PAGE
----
Repetitive and transient increases in hippocampal neural cell adhesion molecule polysialylation state following multitrial spatial training.

Abstract

Polysialylated neurons, located at the inner border of the dentate granule cell layer, have been demonstrated to exhibit time-dependent change in their frequency at 10-12 h following training in the Morris water maze, a spatial learning paradigm. Such a change was not observed in animals required to locate a visible platform or in those rendered amnesic with scopolamine. This frequency response was capable of rapid reactivation following further training stimuli in a manner that was independent of circadian influence. These learning-associated modulations in neural cell adhesion molecule (NCAM) polysialylation state did not increase in magnitude despite improved performance, suggesting their activation is required for processing information rather than contributing to previously stored, task-associated memory. An increase in NCAM polysialylation appears to be a universal learning response to both spatial and nonspatial paradigms as similar time-dependent changes occurred following training in a one-trial, step-through, passive avoidance response subsequent to water maze training.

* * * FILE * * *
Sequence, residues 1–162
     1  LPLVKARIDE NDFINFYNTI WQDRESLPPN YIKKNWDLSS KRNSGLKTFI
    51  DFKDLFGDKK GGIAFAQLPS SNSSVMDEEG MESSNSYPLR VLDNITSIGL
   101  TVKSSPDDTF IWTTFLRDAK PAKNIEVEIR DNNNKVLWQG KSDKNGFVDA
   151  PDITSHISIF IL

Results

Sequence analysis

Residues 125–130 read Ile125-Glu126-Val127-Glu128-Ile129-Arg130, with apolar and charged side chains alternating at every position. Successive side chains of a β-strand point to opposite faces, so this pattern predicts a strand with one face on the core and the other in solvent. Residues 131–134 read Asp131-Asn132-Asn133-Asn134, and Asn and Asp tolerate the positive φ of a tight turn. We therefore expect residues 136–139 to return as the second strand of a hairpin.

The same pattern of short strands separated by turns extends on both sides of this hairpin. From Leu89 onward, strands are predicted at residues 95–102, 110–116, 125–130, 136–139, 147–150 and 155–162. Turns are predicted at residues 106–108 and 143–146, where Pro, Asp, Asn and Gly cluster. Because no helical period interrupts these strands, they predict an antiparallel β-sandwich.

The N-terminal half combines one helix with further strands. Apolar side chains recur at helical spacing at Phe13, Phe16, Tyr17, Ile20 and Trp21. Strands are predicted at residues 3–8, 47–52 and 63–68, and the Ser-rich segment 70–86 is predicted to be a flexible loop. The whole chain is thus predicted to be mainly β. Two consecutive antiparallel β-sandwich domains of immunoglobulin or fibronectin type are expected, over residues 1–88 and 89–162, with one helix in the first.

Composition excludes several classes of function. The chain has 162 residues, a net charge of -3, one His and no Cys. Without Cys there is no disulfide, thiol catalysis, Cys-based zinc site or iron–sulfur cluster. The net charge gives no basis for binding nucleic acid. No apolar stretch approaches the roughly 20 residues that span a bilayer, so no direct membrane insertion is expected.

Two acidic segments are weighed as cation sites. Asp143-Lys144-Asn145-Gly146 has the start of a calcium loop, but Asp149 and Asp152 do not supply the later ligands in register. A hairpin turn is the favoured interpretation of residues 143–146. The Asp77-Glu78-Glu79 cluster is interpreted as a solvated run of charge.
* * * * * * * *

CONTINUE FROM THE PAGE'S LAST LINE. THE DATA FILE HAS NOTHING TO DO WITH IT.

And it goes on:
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@article{Murphy1996RepetitiveAT, title={Repetitive and transient increases in hippocampal neural cell adhesion molecule polysialylation state following multitrial spatial training.}, author={Keith J. Murphy and Alan W O'Connell and Ciaran M. Regan}, journal={Journal of neurochemistry}, year={1996}, volume={67 3}, pages={1268-74} }